- Shopping Bag ( 0 items )
From the Publisher"It is largely due to this diversity of approaches and Matthews'ability to accessibly convey his formidable learning that his bookachieves its dual aims: introducing Faulkner to first-timers whilemodifying an established critical tradition for the sake of alarger reading audience . . . seeing Through the South is a bold,many-sided, and at times surprising book-qualities that are notoften combined in the typical introductory volume and are bolsteredby Matthews' enthusiasm for his subject and his subtle engagementwith Faulkner's daunting critical heritage." (Notes andQueries, 1 June 2011)
Matthews has produced the best book on Faulkner this year."(American Literary Scholarship, 2010)
"Matthews faces the crisis of Faulkner scholarship-with itscardboard Faulkners and its truncated canon-by giving us a moreexpansive, more relevant, and, frankly, more interesting Faulkner.His readings of the novels, particularly Sanctuary; If I ForgetThee; Jerusalem; Go Down, Moses; The Sound and the Fury; Absalom!Absalom!; and the Snopes trilogy, are simply indispensable.Beautifully written and obviously the product of long years ofscholarship, these readings affirm the "complex mixtures" that makeFaulkner one of America's greatest novelist."(Black Hills StateUniversity)"John T. Matthews's William Faulkner: Seeing throughthe South is the rare book that will prove vital and engagingboth for readers new to Faulkner's writing and for scholars longdevoted to it." (The Journal of American Studies, 2010)"
[A] compelling and richly engaging book [that] skilfully opensways into Faulkner’s writing for new readers andreinvigorates for his wider audience a sense of what we might talkabout when we talk about Faulkner today … For all the relaxedmanner of Matthews’s address—his witty analogies,comfortable idiom, pleasurable clarifications, jokes and almostunforgiveable puns—his book speaks urgently to modernreaders." (Review of English Studies, 2009)
"The present excellent book deals with the cohesiveness ofFaulkner’s work as an evolving project … Matthews is amaster of literary theory without being mastered by it, and he hasgifts as a close reader ... Highly recommended." (CHOICE,October 2009)
"John T. Matthews' lucid critical biography examines Faulkner'swriterly persona and his rich fiction as developing organically outof precise aesthetic and social preoccupations best illustratedthrough a variety of methodologies … Matthews has previouslyexplored modernist, post-structuralist, materialist and Marxistways of reading Faulkner, and this critical suppleness benefits andsupports student readers." (Times Literary Supplement, April2009)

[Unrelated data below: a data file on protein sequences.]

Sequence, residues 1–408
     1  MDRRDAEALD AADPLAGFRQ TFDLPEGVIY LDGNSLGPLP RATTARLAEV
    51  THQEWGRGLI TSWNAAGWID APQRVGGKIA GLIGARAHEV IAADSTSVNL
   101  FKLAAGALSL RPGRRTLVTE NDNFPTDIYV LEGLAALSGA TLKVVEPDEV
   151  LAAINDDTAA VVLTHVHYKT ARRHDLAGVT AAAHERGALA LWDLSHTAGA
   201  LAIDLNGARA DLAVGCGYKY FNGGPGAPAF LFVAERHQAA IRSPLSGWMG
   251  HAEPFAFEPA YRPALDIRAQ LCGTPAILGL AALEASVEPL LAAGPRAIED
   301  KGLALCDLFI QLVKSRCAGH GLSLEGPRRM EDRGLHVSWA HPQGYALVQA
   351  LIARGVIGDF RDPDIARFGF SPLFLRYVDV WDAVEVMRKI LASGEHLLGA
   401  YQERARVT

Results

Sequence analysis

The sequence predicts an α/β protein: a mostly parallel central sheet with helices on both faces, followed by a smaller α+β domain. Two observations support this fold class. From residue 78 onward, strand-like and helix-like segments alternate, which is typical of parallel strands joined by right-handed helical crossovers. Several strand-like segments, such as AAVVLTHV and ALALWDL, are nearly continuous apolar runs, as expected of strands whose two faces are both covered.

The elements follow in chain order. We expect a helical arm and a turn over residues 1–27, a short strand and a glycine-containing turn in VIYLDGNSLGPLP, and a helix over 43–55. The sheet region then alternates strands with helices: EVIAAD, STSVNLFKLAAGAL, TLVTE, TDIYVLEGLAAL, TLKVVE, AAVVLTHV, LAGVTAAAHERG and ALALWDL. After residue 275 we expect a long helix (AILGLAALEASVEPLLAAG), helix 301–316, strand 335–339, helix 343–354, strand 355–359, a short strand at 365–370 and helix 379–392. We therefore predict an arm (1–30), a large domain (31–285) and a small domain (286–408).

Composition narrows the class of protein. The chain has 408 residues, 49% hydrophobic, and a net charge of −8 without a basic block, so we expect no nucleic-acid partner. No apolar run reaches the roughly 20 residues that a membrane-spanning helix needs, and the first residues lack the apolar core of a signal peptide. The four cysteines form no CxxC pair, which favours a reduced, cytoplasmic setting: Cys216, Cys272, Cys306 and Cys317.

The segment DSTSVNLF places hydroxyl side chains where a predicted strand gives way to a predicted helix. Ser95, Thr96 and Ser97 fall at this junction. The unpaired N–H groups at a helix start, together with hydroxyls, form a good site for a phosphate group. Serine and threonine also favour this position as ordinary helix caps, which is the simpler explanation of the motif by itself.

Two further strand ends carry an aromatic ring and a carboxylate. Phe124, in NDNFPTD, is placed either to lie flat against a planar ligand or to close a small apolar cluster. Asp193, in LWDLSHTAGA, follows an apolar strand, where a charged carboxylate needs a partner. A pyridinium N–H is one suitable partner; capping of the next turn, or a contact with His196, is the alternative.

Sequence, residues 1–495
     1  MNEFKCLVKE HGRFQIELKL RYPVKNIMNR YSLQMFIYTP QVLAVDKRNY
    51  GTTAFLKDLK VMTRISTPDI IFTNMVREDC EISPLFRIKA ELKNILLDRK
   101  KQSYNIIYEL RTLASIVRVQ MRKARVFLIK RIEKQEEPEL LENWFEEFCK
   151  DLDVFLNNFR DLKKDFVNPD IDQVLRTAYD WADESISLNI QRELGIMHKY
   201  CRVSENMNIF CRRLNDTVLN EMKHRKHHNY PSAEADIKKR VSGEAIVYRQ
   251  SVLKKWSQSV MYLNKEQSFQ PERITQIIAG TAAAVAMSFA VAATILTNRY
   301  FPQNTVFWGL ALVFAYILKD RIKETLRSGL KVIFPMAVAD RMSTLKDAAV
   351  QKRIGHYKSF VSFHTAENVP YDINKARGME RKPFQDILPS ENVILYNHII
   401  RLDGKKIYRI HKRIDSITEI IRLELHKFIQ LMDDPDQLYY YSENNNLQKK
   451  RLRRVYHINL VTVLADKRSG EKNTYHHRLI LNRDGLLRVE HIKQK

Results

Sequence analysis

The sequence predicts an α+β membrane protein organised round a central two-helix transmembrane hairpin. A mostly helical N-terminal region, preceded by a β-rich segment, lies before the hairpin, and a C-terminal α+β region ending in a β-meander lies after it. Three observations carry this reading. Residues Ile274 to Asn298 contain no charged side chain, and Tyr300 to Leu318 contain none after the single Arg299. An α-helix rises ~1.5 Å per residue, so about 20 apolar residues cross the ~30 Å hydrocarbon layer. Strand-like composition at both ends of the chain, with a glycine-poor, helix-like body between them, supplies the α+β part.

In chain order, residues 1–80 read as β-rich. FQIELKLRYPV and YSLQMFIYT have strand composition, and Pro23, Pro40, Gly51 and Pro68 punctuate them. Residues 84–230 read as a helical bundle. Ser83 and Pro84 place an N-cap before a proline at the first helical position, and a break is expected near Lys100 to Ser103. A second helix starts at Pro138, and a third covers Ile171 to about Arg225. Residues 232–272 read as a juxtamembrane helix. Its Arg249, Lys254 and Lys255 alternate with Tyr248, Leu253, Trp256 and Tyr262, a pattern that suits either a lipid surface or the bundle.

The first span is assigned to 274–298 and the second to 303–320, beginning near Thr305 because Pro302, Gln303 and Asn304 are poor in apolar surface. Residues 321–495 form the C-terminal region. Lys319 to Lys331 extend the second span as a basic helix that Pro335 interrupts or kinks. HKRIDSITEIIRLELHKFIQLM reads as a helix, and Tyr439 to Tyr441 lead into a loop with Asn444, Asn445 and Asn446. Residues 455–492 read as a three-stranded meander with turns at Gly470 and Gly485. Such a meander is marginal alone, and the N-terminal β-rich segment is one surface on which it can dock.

"John T. Matthews describes his monograph William Faulkner:Seeing Through the South (Blackwell) as an introduction toFaulkner's work, but he also attempts something still greater: topresent Faulkner's entire imaginative career as a distinctivelycoherent project and to read all nineteen novels and a number ofthe best short stories as inter-related episodes in a vastchronicle of the world becoming modern, a record of theindispensable rooting of Faulkner's imagination in the place hechose to live all his life, with an emphasis on how the US Southwas embedded in the history of global colonialism. Matthewssucceeds spectacularly on all counts. Organized according to themesrather than chronology, the book ranges among Faulkner's works anddraws unexpected conclusions about them doing so in some of themost energetic, well-crafted, and moving prose I have heard speakfrom the pages of scholarship. Here, for example, Matthews takes upFaulkner's prose style: At the outset we do need to establish howdense and rich Faulkner's language is, and how his circuitous,polysyllabic style is not just personal eccentricity, or a symptomof alcoholism, or artistic ineptitude, or even some resentfultorture of the reader, but an audacious bid to write like no oneever wrote before, and to do so because more than anything Faulknerwanted the reader to feel the world to be as intensely moving as hedid himself. That he strained language to its breaking pointconveys less a reluctance to communicate anything than a desperatedetermination to communicate everything. Matthews treats DrusillaHawk of The Unvanquished as seriously as he does Thomas Sutpen, andThat Evening Sun? as worthy of the same sustained attentionlavished on The Sound and the Fury. His book reverberates withauthority born of intense close readings of Faulkner and hiscritics, and his very title promises fresh readings. Faulkner, heargues, did see through the lens offered by his native land, and healso saw through the shams offered by various institutions in themodern world. Faulkner's political fable in The Mansion, forexample, expresses the shortcomings of US Cold Warconflict-thinking on several counts. Not only does America'spreoccupation with the defense of personal liberty deafen it to theclaims of justice, but the assumption that freedom is synonymouswith free marketry ignores the numerous fatalities behindcapitalism's success story. Beyond this diagnostic insight,moreover, Faulkner manages to suggest longings for more authenticfreedom, in which liberty and justice need not conflict, where thediscrepancy between the idle rich and the imprisoned worker neednot end in murderous confrontation. Page after highly quotablepage, Matthews has produced the best book on Faulkner this year."—John T. Matthews, Professor of English Boston University